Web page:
IU-led fund invests in smartphone app for new music discovery and battery part supplier targeting the electric vehicle market
Two more student startups have been selected to benefit from the Shoebox Fund, an investment fund that supports student innovation at Indiana University.
Established earlier this year through a gift of $60,000 from Donna and John Shoemaker, the Shoebox Fund supports companies to emerge from the Shoebox, the student startup incubator at Shoemaker Innovation Center at the IU Luddy School of Informatics, Computing and Engineering in Bloomington. The fund is administered by the school in partnership with IU Ventures, which leads IU’s investment in high-potential new venture opportunities with strong university connections.
The startups, which each received a total of $5,000, are:
HotDrop, a smartphone app to that helps users discover and share new music founded by Max Goldberg and Steven Segel, both juniors at the IU Kelley School of Business in Bloomington.
Natrion, an electric-vehicle battery part supplier founded by Thomas Rouffiac, a sophomore at the IU Kelley School of Business in Bloomington.
HotDrop, which is available for download in the Apple and Google Play stores, plays 30 seconds of a random song, then lets users swipe left or right to indicate their like or dislike. Users can swipe up to share the song or down to add the song to a streaming app. According to the app’s creators, HotDrop’s mission is “to spread the emotion of discovering new music and reliving old favorites. We empower a community of Gen Z listeners to discover, share and experience music together, picking the stars of tomorrow.”
In the first six weeks after launch, the HotDrop app saw over 20,000 users from more than 40 different countries swipe through about 1.5 million songs. Nearly 35,000 songs have been added to users’ Apple Music and Spotify libraries. In addition to the support of the Shoebox, the company recently closed a “significant” round of pre-seed financing, enabling the team to expand to 10 members, as well as support product development and marketing.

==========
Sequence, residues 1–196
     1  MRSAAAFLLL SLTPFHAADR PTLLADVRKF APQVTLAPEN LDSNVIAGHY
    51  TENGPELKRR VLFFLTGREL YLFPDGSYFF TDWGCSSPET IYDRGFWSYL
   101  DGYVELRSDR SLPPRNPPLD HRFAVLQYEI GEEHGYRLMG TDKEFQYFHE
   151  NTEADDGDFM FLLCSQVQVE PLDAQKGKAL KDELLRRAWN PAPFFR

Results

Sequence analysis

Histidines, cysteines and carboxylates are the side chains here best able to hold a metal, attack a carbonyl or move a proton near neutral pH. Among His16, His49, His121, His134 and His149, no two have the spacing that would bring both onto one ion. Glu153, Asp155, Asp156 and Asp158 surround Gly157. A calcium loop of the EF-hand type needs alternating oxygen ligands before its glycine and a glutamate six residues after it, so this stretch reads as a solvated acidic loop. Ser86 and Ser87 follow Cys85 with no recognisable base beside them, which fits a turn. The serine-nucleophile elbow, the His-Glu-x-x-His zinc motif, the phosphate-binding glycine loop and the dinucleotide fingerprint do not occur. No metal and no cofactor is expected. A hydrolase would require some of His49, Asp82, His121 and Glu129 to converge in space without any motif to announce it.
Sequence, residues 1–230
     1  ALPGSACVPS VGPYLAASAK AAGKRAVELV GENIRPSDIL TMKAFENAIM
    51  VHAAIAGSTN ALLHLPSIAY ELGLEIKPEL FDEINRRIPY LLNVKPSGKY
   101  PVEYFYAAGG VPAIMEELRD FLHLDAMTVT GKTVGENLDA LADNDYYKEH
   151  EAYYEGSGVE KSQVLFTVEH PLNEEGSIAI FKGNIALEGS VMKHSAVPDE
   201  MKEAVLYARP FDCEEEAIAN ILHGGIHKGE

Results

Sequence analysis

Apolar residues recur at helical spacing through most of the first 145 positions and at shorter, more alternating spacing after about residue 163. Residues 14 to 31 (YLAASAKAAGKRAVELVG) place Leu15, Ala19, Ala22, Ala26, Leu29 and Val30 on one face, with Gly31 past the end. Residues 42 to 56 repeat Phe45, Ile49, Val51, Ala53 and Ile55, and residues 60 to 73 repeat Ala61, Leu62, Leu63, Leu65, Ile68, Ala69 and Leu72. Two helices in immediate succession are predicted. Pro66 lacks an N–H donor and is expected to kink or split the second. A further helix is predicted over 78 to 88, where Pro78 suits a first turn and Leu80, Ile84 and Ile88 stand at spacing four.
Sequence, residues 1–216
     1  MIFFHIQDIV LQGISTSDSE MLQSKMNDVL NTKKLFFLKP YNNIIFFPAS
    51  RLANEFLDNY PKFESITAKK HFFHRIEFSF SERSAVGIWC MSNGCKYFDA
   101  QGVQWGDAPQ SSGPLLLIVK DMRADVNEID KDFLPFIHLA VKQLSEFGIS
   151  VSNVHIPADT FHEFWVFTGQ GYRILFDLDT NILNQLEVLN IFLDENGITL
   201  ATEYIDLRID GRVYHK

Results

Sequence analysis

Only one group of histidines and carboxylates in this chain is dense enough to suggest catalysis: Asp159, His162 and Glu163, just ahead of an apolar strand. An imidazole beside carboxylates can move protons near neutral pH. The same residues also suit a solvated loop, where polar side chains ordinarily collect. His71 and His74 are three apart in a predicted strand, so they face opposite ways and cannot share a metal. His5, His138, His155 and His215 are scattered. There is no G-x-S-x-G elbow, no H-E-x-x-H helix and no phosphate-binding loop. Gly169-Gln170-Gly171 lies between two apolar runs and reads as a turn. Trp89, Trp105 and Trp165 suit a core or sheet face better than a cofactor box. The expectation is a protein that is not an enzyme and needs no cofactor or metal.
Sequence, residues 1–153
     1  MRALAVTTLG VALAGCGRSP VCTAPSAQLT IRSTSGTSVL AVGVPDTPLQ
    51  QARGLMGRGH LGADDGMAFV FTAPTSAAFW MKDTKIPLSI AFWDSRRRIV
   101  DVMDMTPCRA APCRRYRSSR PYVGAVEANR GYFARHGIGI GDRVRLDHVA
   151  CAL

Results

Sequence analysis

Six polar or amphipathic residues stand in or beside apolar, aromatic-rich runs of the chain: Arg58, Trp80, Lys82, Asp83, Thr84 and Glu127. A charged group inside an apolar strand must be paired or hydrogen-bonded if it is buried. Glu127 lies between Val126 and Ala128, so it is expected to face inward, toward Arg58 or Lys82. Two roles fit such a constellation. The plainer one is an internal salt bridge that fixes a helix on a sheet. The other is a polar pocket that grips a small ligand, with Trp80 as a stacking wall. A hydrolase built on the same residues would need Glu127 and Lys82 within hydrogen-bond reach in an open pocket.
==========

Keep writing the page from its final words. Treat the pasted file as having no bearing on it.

“The Shoebox Fund is a fantastic opportunity for young innovators to come together and build the valuable companies of tomorrow,” said Goldberg. “We’ve received fantastic mentorship from [the Shoebox team], and immaculate workplaces, legal resources and talented students have all been made readily available to HotDrop. We’ve also developed life-long friendships within the IU entrepreneurial community. We’re proud to be an active client of The Shoebox.”
A part supplier focused on the component of a battery that allows electrical current to flow between the anode and the cathode, Natrion aims to address two key bottlenecks preventing the widespread implementation of clean energy. First, the company provides a “plug-and-play” solution that lithium-ion battery manufacturers can implement immediately into their production processes. Second, it uses a technology agnostic component that improves battery durability and thermal stability so that original equipment manufacturers can utilize new ultra-energetic materials allowing electric vehicle makers to double their range.
“The members of the Shoebox Fund and mentors like (Shoemaker Innovation Center Executive Director) Travis Brown and (Shoebox Client Manager) Joe Rahaim, among others, have been incredibly helpful in walking me through ideas, scenarios and generally understanding what to prioritize in terms of next steps,” said Rouffiac. “This mentorship has also allowed us as a company to find new resources, funding opportunities and research collaborations that we otherwise wouldn’t have known about.”
Rouffiac said that Natrion is on track to close a $1.25 million seed round by the end of the year. This year, the company has also received small business research grants from the U.S. Air Force and U.S. Navy, as well as completing pilot projects with large manufacturers in anticipation of establishing long-term strategic partnerships.
“The Shoebox Fund was created in partnership with IU Ventures to support student entrepreneurs at Indiana University as they work to launch their product,” said Travis J. Brown, senior executive assistant dean of innovation, entrepreneurship and commercialization and director of the Shoemaker Innovation Center and Innovation and Entrepreneurship Program at the Luddy School. “HotDrop and Natrion are a reflection of the thriving entrepreneurial ecosystem we have built at IU, including the Shoebox, which is the increasingly popular incubation program provided through the Shoemaker Innovation Center. I’m confident that both teams are poised for success, and these investments ensure that we will be positioned to support the development of their startup beyond their time as students.”
Kevin Fryling, a senior communications consultant at IU Studios, was the lead contributor on this story.